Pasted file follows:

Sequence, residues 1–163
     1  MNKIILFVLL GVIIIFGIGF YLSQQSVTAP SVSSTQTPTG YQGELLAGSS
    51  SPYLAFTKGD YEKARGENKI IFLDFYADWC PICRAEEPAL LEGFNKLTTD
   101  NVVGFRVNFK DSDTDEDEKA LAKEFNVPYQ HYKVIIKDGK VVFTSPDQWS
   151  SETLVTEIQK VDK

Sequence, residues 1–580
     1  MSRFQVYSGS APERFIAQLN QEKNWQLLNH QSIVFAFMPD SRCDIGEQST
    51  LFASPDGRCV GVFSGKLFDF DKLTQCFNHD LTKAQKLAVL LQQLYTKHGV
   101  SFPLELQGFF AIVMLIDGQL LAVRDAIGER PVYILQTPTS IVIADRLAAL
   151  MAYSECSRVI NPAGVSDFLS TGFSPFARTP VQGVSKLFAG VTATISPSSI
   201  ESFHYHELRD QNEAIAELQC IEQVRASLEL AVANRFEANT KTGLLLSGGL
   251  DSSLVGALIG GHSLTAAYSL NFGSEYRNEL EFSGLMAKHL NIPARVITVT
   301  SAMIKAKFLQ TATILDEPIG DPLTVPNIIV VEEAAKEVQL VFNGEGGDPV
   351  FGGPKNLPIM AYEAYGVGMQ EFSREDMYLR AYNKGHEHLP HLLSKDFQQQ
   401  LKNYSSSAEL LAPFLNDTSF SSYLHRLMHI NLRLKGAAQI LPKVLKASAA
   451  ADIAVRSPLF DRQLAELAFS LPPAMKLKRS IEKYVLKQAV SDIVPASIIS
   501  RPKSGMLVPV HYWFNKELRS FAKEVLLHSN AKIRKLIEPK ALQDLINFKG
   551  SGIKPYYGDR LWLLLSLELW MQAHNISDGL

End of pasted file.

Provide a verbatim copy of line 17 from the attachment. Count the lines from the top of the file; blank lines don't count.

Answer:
   501  RPKSGMLVPV HYWFNKELRS FAKEVLLHSN AKIRKLIEPK ALQDLINFKG